Typical Questions

  • How many characters are there in this story? (Literal)
  • Where and when do you think the story is set? (Inferential)
  • Why does (character) act in this way at this particular time? ((Inferential)
  • What do you think is going through (character’s) mind here? (Inferential)
  • How well do you think the author has generated the feeling of happiness here?(Evaluative)

6. Making comparisons

When we read a text we are constantly (and sub-consciously) making associations between what we are reading and other experiences: other things we have read/seen/heard/watched, and our own real-life experiences. Or, to put that another way, we are drawing on our prior learning.

In order to develop that in young readers we can encourage them to make those links explicit and explore those aspects of the text which are most likely to elicit the comparisons. It is also important to explore the notion that, while viewing the text will often be a shared experience, our reactions to it may be quite different, depending on the associations we make.

Typical Questions

  • Does this remind me of anything I have read/seen/heard/watched before? How are they similar? How are they different?
  • Does this remind me of anything in my own life? How did I/would I behave/react in similar circumstances?

7. Looking for patterns

By comparing and contrasting texts they have read, the sophisticated reader begins to show a deeper understanding of genre, or of the work of a particular writer, director, culture or historical period. Identifying recurring motifs within a text can help illuminate the text as a whole, and you can look for them in the soundtrack, the images, and in story events.

Patterns can be found in elements of the plot, or the repeated use of a certain colour or symbol, of types of lighting, of camera angles, shots or movements, of shot sequences or transitions. They can also be found in the soundtrack of course, in particular musical motifs or instruments, or sound effects - Sound and Image is an extremely effective tool for identifying these.

Using Freeze Frame or Shots in Sequence can also make learners more aware of patterns, by separating the shots in a sequence and looking in detail at narration.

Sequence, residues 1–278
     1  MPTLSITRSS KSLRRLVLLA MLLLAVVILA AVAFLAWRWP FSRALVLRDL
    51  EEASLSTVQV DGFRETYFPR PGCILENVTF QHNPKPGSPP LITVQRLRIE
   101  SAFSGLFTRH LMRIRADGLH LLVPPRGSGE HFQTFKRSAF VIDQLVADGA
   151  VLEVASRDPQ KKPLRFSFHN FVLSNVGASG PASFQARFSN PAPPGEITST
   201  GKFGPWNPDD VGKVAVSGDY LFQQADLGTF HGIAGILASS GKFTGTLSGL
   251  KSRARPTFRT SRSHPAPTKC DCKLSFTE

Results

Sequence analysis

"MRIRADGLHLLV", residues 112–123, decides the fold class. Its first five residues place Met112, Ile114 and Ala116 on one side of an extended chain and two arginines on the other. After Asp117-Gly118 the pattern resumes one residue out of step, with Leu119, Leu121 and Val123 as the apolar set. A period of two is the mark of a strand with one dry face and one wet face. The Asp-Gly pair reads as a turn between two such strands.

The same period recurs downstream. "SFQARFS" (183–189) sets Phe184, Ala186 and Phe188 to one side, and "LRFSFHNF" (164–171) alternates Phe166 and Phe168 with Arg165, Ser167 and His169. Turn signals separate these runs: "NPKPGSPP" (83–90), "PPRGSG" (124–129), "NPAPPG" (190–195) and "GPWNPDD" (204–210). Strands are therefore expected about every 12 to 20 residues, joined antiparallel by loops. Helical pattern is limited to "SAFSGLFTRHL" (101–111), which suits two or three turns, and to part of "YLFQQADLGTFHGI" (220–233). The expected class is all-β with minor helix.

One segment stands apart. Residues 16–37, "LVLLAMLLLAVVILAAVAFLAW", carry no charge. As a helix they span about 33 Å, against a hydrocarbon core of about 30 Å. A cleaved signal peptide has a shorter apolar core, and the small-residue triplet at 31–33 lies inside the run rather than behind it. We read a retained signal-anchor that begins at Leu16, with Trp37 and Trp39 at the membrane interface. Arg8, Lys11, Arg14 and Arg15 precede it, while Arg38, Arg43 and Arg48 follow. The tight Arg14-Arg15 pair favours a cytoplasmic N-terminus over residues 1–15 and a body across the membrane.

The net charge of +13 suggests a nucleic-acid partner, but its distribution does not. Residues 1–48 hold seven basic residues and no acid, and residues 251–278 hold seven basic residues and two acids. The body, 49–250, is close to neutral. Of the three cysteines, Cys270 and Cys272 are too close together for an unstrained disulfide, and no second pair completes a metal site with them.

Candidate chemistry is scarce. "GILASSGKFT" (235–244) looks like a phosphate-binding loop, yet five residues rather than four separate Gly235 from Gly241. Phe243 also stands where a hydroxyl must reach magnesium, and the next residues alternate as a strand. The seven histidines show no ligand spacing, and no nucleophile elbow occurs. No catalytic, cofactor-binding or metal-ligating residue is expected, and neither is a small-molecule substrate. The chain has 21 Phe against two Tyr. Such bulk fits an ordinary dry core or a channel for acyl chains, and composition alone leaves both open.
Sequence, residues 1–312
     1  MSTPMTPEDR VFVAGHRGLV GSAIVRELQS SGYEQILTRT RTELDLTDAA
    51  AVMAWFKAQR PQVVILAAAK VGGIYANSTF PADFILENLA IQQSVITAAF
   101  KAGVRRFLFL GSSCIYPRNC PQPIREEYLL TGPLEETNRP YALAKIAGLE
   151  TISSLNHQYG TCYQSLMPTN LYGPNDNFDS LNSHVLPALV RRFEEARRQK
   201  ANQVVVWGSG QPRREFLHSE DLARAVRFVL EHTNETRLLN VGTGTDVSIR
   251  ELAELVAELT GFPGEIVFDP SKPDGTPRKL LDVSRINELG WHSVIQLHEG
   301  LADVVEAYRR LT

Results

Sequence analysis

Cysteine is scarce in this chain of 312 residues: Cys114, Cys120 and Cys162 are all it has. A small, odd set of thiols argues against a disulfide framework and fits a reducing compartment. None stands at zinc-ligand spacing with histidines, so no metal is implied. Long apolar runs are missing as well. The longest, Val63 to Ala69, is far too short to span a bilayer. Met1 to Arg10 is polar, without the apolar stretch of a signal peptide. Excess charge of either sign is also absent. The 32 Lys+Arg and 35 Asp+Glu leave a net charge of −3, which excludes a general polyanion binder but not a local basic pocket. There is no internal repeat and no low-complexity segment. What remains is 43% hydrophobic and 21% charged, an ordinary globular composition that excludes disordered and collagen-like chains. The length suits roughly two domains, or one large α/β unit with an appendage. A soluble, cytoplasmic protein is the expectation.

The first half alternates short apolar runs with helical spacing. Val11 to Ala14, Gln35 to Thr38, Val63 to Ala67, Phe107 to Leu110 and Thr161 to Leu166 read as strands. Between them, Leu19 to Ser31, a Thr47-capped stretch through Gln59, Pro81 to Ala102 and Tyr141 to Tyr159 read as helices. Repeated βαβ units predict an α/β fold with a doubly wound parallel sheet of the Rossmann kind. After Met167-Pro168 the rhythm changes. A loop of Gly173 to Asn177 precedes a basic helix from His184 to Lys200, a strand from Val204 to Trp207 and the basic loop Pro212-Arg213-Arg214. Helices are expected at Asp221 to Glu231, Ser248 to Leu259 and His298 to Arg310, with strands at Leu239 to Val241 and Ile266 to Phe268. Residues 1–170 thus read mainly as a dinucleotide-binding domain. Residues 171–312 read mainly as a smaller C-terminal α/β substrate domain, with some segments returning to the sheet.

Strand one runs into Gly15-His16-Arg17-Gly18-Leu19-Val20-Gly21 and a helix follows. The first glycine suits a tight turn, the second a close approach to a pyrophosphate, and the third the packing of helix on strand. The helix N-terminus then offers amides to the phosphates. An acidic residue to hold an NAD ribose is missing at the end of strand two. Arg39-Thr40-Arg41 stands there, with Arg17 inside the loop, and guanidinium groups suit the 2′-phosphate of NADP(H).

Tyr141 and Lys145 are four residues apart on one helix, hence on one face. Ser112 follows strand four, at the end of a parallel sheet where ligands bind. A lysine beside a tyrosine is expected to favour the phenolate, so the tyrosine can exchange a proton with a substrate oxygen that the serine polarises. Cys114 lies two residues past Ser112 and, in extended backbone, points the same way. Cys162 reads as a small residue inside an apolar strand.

Typical Questions

  • Can you see anything in the text which appears more than once?
  • Do you hear anything which appears more than once?
  • Do you notice any patterns among the images, or in the way they are filmed? (e.g. camera angle, distance, movement.)
  • Do you notice any patterns among the sounds? Are particular characters or actions associated with particular sounds?
  • Are there any recurring actions?
  • Are there any recurring ideas/themes/messages in the film?
  • Did the length of the shots get shorter or longer at any point in the sequence? Is there a pattern here? If so, what effect does it have on the viewer?
  • What kind of story is this? How do we know? (Introduce concept of ‘genre’ when appropriate) What would you expect to happen in this kind of story?

8. Generic translation

Visualisation, or the interpretation of a printed text into internal images, is a natural process for trained readers, but the link needs to be made explicit for a developing reader. Asking learners to draw a character or a scene from a printed text allows them to present their unique interpretation of the text. Using graphic organisers such as Mind-Maps can be a very effective way of making sense of a text, summarising key elements, committing to memory or sharing with others, while storyboards or comic-book software make the creation of narrative easier and more fun.

In the same way, learners can often develop a better understanding of moving image texts by ‘translating’ them into a print genre such as a poem, short story, diary entry or newspaper item, or by adapting and ‘audio-visualising’ a short written text into a storyboard.

Typical Activities